ACHIEVERS can no longer anticipate remuneration for their efforts. 

That remuneration – whether delivered through bonus, salary or seniority – is no longer a guarantee for even some of the best of the bunch.

The Mahlab Report 2014 has drawn on actual salary figures, employment experiences and job satisfaction across the legal sector both internationally and domestically to infer that getting that little bit extra is likely to require a lot more groundwork than it did in the past.

Mahlab surveyed private practice lawyers and partners, in-house lawyers, general counsel, company secretaries, law firms and legal directorates to collate the report.

The recruiter also drew insight from discussions over the course of the year between clients and candidates.

Mahlab managing director Lisa Gazis (pictured) says the disparity between remuneration expectation and reality turned out clearly in the report, a reflection of a slow growth economy.

“Practitioners overall were hoping they would get stronger increases and didn’t feel adequately rewarded or compensated for effort,” says Gazis, noting that corporate salaries increased 3.3 per cent (up from 2.8 per cent last year) and private practice salaries increased 3.8 per cent (up from 3.7 per cent last year).

“However, increases aren’t automatic anymore, and bonuses are no longer being used to reward performers but instead only the highest of performers.”

Despite soft market conditions, Gazis says there have been conservative salary increases and a further lifting of salary freezes.

“While there has been a slowdown of salary bands and the market is remaining conservative, we must remember the industry is traditionally more conservative.

“Overall, it is a positive market and time for Brisbane lawyers.”

Gazis says banking, finance, corporate, construction, property and employment have been Australia-wide legal hotspots for the past financial year, with many of these areas trending in Brisbane too.

Recruitment is also picking up in strategic roles that require a greater focus on areas of risk management and compliance owing to a complicating regulatory environment.

“Energy and resources are still active in Brisbane, as well as construction, infrastructure and corporate commercial,” she says.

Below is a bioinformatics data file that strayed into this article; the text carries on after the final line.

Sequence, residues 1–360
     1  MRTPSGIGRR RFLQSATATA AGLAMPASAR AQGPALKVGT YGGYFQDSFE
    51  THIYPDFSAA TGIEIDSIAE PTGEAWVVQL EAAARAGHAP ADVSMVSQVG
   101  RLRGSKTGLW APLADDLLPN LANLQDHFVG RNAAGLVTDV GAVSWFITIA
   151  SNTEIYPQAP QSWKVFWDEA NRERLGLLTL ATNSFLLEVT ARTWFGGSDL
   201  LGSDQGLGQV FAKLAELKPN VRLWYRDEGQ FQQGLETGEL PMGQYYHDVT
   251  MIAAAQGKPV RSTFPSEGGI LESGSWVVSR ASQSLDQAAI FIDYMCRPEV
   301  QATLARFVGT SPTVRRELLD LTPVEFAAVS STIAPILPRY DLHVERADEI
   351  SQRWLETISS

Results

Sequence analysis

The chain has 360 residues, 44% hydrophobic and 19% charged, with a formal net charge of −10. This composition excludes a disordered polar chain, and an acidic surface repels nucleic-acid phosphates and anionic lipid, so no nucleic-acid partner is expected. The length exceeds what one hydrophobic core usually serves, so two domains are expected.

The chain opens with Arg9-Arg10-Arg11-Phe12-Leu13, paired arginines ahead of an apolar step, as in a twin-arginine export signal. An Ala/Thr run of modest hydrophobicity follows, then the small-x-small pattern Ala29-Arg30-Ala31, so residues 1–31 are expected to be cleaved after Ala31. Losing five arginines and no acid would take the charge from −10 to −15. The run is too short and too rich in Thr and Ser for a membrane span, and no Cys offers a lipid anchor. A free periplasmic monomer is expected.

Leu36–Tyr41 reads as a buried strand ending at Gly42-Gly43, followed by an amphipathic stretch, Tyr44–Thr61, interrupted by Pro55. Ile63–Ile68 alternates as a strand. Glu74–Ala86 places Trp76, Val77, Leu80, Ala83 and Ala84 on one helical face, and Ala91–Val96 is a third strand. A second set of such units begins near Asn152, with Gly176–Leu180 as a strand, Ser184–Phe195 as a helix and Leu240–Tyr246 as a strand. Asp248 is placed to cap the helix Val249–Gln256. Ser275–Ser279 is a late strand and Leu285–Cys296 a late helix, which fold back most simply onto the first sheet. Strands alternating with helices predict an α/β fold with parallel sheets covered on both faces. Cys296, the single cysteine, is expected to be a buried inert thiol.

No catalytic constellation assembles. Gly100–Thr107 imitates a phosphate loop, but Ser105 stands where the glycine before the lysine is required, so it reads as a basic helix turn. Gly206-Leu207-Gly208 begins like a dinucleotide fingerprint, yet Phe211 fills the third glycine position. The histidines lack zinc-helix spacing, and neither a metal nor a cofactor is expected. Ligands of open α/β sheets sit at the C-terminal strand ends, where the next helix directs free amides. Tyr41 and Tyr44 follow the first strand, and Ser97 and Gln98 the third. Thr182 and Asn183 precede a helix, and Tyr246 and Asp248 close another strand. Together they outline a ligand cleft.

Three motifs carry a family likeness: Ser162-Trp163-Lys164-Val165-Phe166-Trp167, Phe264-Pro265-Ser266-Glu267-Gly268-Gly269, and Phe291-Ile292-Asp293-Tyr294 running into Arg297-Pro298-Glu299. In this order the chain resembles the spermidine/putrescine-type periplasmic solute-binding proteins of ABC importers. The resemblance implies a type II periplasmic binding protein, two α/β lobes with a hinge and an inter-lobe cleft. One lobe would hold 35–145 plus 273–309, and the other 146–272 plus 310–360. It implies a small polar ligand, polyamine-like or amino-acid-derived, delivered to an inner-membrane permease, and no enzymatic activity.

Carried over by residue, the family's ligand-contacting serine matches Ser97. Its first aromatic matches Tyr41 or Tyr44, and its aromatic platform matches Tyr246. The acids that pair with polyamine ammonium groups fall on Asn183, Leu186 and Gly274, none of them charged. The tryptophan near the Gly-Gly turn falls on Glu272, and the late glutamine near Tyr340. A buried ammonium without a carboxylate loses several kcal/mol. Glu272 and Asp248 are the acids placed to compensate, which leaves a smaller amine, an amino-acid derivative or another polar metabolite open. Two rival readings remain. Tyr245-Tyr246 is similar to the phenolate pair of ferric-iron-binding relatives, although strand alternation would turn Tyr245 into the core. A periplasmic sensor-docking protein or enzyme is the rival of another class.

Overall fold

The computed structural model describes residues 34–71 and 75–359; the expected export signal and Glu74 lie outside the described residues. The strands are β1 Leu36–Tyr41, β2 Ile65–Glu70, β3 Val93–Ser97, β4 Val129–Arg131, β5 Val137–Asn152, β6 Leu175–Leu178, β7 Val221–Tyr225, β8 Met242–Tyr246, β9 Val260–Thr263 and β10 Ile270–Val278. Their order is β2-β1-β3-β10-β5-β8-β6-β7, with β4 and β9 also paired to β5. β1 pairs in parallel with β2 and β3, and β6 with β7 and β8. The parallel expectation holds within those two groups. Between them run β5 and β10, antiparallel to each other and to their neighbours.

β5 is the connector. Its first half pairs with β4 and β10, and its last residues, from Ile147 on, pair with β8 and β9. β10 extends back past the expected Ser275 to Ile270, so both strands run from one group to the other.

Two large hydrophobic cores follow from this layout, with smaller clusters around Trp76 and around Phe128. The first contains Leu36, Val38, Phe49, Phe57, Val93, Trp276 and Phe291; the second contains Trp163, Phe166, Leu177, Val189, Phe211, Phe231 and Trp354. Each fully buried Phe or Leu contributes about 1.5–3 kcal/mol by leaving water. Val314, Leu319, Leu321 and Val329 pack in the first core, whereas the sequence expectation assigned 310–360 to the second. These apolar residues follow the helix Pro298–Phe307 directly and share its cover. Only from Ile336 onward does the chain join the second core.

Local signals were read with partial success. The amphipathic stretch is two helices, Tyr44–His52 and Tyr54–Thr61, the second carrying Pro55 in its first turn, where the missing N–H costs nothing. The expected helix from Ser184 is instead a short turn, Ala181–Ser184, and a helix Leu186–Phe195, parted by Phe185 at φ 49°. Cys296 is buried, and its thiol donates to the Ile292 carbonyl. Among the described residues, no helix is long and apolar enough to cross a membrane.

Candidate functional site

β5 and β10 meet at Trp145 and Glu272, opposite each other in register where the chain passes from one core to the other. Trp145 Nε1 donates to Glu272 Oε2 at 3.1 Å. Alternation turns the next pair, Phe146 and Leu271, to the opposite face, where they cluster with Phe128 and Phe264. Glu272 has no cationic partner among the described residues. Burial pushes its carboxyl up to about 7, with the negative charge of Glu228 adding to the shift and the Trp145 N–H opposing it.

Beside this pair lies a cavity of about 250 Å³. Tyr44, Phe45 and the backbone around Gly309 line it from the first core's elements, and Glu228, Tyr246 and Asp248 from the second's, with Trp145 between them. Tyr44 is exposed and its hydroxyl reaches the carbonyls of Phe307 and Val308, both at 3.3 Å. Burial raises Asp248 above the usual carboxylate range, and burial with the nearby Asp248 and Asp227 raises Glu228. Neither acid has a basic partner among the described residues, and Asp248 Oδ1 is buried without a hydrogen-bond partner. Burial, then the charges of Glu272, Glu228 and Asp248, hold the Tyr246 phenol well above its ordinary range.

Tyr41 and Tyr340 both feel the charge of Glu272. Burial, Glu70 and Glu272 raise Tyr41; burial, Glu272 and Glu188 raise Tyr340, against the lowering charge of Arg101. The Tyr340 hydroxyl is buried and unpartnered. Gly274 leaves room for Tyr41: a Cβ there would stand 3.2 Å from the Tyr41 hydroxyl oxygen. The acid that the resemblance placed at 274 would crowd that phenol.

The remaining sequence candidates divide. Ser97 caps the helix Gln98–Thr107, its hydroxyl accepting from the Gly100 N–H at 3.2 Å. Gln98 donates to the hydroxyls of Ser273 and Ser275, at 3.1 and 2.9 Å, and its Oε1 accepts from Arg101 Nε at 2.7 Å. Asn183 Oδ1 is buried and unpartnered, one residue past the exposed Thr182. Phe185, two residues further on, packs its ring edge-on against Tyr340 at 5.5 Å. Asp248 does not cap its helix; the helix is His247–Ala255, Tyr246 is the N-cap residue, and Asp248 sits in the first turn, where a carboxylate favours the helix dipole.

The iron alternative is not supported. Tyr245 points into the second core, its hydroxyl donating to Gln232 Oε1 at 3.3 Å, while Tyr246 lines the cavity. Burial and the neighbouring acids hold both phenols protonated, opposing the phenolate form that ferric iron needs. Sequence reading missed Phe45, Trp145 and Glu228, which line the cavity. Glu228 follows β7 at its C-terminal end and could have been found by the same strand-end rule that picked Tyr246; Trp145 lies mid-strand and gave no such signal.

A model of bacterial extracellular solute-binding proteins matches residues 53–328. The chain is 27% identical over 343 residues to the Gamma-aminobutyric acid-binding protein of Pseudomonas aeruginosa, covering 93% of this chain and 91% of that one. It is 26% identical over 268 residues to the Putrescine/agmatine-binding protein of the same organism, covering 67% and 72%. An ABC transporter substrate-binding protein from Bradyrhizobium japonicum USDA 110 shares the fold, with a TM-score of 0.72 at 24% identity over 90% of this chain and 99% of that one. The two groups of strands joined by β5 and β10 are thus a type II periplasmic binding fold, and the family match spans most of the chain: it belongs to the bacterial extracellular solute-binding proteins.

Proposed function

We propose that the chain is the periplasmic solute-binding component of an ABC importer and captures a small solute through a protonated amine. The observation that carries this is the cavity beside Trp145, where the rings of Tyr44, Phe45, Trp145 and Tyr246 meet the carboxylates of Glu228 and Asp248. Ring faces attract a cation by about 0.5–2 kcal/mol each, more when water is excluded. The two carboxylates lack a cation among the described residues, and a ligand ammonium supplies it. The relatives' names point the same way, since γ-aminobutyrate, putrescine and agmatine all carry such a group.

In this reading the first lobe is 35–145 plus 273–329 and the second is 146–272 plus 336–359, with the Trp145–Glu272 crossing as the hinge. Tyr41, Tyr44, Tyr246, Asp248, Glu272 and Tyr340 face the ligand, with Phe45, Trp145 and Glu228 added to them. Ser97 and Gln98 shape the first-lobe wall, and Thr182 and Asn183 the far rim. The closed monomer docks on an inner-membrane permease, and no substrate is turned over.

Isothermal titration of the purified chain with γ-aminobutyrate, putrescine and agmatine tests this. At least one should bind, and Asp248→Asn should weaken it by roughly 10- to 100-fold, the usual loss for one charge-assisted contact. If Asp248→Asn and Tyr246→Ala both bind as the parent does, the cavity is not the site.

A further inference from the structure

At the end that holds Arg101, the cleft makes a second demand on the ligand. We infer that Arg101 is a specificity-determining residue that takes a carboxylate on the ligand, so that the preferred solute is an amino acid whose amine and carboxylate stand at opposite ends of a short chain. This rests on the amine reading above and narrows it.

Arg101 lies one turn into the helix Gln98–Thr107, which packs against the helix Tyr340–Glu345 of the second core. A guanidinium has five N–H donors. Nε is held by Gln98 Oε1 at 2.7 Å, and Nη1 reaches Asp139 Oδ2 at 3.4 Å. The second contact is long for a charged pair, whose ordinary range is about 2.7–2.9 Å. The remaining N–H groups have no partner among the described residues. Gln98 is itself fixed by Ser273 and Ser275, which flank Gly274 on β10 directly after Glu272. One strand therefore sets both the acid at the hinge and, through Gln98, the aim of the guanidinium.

“Private practice seems quite desirable too – but we are perhaps seeing less satisfaction in this area through the outcomes of this year’s review.”

The report revealed that corporate lawyers were more likely to receive bonus in the past year, with 50 per cent of respondents reporting they did, while only 12 per cent of private practice lawyers shared in this reward.

However, private practice lawyers felt significantly more confident about career progression opportunities – 60 per cent compared to 31 per cent in corporate roles.


Perhaps this is reflective of a more turbulent path to partnership, articulated by longer hours and higher budgets.

Moreover, lateral hires are proving more popular according to the report, so it may be more likely for competition on the partner path to come from left-field.

When one does get there, the modal partner salary at major Brisbane firms is $1,095,000, $745,000 for mid firms and $375,000 for small firms.

The skillsets and networks of potential partners come under closer assessment in a slow growth economy.

The report notes the drawcard of having offshore and cross-border experience listed on a resume when vying for a senior position.

Considering this and the popularity of lateral hires, the emphasis across the legal sector is on competence, rather than years of experience.


Partners and teams are leaving less profitable areas, as firms seem to go forward with a more cohesive vision in the name of profitability. 

Salaried partner status is difficult to attain, let alone equity partner status, as firms ‘de-equitise’ to improve per partner profitability.

Therefore, firms are prioritising retention particularly at the senior associate level, by creating new positions that recognise and reward high-performers in cases where partnerships are not permitting.

As such, junior lawyers are experiencing restrained salary increases, as firms turn much of their budget to retaining senior practitioners.  


Demand for contracted lawyers will continue due to companies requiring short-term solutions to resourcing shortages and a decline in the rates of these practitioners.

Moreover, payment models are taking a more solid shape. Mahlab reports an increasing trend for payment models based on pre-determined fees rather than hourly rates.

Gazis ends with a positive word about payment, saying that salaries and bonuses are well-positioned to rise.

“After some very challenging years, Mahlab Report 2014 reveals a rise in business confidence and commercial activity, and a more optimistic outlook for financial year 2015,” she says.

“More Australian lawyers – particularly in banking, finance and corporate – may set their sights on London, United Arab Emirates and Hong Kong as the global legal outlook continues to improve. 

“This may also be good news for those fixed on staying here, as it could have an inflationary effect on salaries or increase the incidence of bonuses for existing staff and sign-on bonuses for lateral recruits in these areas.”

Mahlab works across industry, both domestically and internationally, to reveal employment and market trends.

The company has been developing its depth of knowledge in legal recruitment since the inception of the Mahlab Report in 1984.

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